Ramadaan is around the corner once again and Muslims all over the world are beginning to prepare for this holy month. That time of the year, where, for one month, we refrain from eating and drinking from sunrise to sunset. It is both a spiritually and physically cleansing as well as humbling experience and it is something many Muslims actually look forward to. It is a time of sweet dates, nourishing vegetable soup or “Boeber”, samoosas, daltjies (chilli bites) pies, mini pizzas, bollas, coconut pancakes, strawberry and cream flapjacks, scones and so much more.
Many non-Muslim friends are always curious about Ramadaan and ask questions in fascination. They wonder how we are able to cope, how much we eat in the mornings and at night. And more commonly, they ask why. Admittedly, there was a time, I myself did not fully understand why Muslims needed to fast. At first I thought it was “just because” – one of the Islamic rules we had to adhere to, ordained by God. Then I was told that it is so that we could feel what it is like to go without food like the less fortunate that made this rule seem more of a personal desire and reminder for myself.
The Holy Month of Ramadaan is not only about refraining from food and drink. It is about learning not to gossip so one gets into the practice of talking unnecessarily. About not swearing so that the words that leave our mouths are more pure. It’s also about breaking dirty habits like smoking or biting ones nails or chewing on the inside of ones cheeks, as these acts can “break ones fast”, making that day of fast null and void.
Most importantly, the inability to actually eat when we want to, puts in mind the hardships the less fortunate go through. The hunger pains that one feels, the fact that we are surrounded by those who do eat while we are unable to, it all makes us realise how we take our easy access to food for granted and how gluttonous we can be while there are those who are starving and might not even have a hot cup of tea or coffee to keep themselves warm. Even the appreciation for water itself is magnified.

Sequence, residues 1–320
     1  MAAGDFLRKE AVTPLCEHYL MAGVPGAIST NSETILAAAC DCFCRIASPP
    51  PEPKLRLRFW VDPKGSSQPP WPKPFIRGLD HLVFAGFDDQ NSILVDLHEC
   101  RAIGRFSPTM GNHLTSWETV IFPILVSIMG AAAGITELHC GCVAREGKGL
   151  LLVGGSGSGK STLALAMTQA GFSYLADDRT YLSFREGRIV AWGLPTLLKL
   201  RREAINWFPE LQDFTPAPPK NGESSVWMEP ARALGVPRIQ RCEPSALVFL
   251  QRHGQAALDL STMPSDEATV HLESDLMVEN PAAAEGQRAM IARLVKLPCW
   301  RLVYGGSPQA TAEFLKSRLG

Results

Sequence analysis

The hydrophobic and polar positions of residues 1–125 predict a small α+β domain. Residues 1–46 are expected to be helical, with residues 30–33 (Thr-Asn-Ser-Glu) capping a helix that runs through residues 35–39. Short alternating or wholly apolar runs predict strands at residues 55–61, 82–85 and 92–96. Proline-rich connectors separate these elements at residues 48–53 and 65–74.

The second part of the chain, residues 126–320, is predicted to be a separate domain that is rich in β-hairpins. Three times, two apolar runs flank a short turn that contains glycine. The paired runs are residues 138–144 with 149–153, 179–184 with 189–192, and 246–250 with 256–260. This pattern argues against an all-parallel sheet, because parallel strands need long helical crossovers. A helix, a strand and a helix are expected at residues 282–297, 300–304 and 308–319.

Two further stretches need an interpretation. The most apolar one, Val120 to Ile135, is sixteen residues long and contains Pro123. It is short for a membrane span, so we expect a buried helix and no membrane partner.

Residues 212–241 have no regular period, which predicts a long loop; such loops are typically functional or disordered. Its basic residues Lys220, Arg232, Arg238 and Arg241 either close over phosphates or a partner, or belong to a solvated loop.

On a happier note, though, is a tradition especially practiced in Cape Town. Ramadaan brings communities together in a wonderful way as neighbours exchange plates of treats in the form of savouries or sweet confectionaries. It is another form of giving and is considered extremely spiritually rewarding. This act also ensures that neighbours who might not have enough to break their fast have sufficient food. You will be guaranteed to find every Muslim home with a table full of a variety of lovely little treats.
In actual fact, it is almost impossible to eat too much during Ramadaan. Many non-Muslims think it’s a binge fest once we are allowed to eat, and in most cases it is. Yes, before the sun sets, we do crave and want to eat everything in sight, but as soon as we have eaten that date, sampled a few spoons of soup and eaten that samoosa, we are pretty much full due to the shrunken sizes of our stomachs. Traditionally, the Prophet Muhammad P.B.U.H, would break his fast with only dates and some water as there is a lot of richness and sustenance in this little fruit 1,.
After the eating is done, there is still a table full of food, but we will always find that the less fortunate come knocking at our doors looking for food. So, even though we end up having lots of left overs, we remember what it felt like not to have food during the day and are all too happy to give our food to others. At the end, nothing is left over and there is no wastage – yet another thing to learn and get into the habit of doing. Giving away food that is left over.
Overall, the Holy Month of Ramadaan is a time for us to learn humility and patience, to share and learn restraint, to cleanse ourselves physically and spiritually and to get closer to God.
1 With what (food) is iftar fasting broken with? (n/d) http://ramadan.questionsonislam.com/node/11, accessed 17 June 2014
Featured image: Hala Foodie, 2012, Ramadan Recipes From Around the World, viewed on 19 June, from http://halalfoodie.ca/tag/iftar/